The Metro Vancouver Regional District is
continuing an Air Quality Advisory for the Eastern Fraser Valley which includes
the communities of Chilliwack, Agassiz, and Hope because of high
concentrations of fine
particulate matter, primarily due to smoke from wildfires
burning in BC, Washington and Oregon, including the Flood Falls Trail
wildfire burning near Hope. Smoke concentrations may vary widely as
winds and temperatures change, and as wildfire behaviour changes.The Metro
Vancouver Regional District has ended the fine particulate matter Air
Quality Advisory for Metro Vancouver and the Central Fraser Valley that
has been in effect since September 10. Air quality has gradually improved but
local haze is likely to persist through tomorrow (September 15). A more
substantial change in the weather is forecast to occur on Friday
(September 16) and will further improve air quality. While the advisory
has ended for portions of the airshed, fine particulate matter concentrations
are still somewhat elevated.
particulate matter, also known as PM2.5, refers to airborne solid
or liquid droplets with a diameter of 2.5 micrometres or less. PM2.5
can easily penetrate indoors because of its small size.
reduce outdoor physical activity while PM2.5 concentrations are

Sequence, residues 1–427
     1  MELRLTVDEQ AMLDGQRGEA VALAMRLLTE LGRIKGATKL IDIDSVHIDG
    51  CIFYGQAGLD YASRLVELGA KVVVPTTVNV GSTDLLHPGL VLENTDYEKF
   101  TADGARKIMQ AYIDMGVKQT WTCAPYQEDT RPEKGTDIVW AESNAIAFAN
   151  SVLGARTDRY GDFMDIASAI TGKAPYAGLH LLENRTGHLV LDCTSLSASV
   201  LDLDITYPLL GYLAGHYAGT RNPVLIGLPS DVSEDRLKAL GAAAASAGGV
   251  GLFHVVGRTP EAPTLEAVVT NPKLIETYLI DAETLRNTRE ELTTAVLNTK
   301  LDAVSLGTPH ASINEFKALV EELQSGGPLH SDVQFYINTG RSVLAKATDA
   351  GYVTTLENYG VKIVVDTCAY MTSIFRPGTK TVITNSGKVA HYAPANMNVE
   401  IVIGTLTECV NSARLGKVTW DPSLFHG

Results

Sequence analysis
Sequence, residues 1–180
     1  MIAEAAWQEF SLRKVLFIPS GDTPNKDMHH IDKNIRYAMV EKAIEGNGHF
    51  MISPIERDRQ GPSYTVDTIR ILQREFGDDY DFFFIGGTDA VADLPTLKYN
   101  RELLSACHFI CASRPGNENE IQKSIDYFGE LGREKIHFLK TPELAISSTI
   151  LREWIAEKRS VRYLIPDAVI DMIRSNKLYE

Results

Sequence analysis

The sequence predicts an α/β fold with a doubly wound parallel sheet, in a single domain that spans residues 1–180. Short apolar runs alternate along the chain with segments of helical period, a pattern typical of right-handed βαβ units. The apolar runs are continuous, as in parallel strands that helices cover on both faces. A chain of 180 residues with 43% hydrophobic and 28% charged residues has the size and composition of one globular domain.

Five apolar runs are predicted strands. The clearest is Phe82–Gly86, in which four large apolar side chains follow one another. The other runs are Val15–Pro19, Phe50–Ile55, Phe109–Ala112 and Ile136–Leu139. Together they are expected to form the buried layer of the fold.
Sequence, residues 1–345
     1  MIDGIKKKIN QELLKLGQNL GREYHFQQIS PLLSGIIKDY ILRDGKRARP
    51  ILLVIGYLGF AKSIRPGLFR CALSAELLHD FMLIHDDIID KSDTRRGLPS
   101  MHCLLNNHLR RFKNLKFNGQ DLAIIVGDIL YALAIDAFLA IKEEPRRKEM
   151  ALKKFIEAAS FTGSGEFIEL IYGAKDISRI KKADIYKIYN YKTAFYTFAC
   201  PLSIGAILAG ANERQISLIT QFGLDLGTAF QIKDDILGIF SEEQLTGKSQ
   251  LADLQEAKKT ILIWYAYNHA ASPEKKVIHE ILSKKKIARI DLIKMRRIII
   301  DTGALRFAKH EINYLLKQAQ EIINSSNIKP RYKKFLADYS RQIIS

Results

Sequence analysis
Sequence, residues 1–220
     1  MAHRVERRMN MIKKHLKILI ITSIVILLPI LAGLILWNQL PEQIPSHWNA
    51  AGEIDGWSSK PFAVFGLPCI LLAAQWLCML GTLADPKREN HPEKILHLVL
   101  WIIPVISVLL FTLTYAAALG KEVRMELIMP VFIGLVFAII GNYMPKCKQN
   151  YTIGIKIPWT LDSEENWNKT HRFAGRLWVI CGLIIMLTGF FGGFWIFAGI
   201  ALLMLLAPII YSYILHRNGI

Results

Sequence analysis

high, especially if breathing feels uncomfortable. Exposure to PM2.5
is particularly a concern for people with underlying conditions such as lung
disease, heart disease, chronic obstructive pulmonary disease (COPD), asthma
and/or diabetes; individuals with respiratory infections; pregnant women and
infants; children; older adults; and outdoor workers (e.g. construction and
agricultural workers). Individuals who are socially marginalized may also be
at elevated risk (e.g. people who are experiencing homelessness or are
spaces with HEPA air filtration and air conditioning can offer relief from
both air pollution and heat. Consider setting up a clean air space in your
home by running a portable HEPA air cleaner in one or more rooms or visiting
a public building with air conditioning (e.g., community centre, library,
mall, etc.). As we are in the summer season with warm temperatures, it is
also important to stay cool and hydrated. If it is hot, also consider using a
portable air conditioner to keep your indoor space comfortable (if you do not
have central air conditioning).
If you are
experiencing symptoms such as chest discomfort, shortness of breath, coughing
or wheezing, seek prompt medical attention. Call 911 in the case of an
on the health effects of wildfire smoke and information on how to reduce
exposures, such as using air filtration, can be found at www.bccdc.ca/health-info/prevention-public-health/wildfire-smoke.
Vancouver works in cooperation with Environment and Climate Change Canada,
Fraser Valley Regional District and BC Ministry of Environment and Climate
Change Strategy to look after air quality.
about real-time air quality readings for Metro Vancouver and Fraser Valley
communities and potential health impacts can be found at www.airmap.ca
To sign up
for air quality alerts in your area, go to www.metrovancouver.org/services/air-quality/engagement/mailing-list.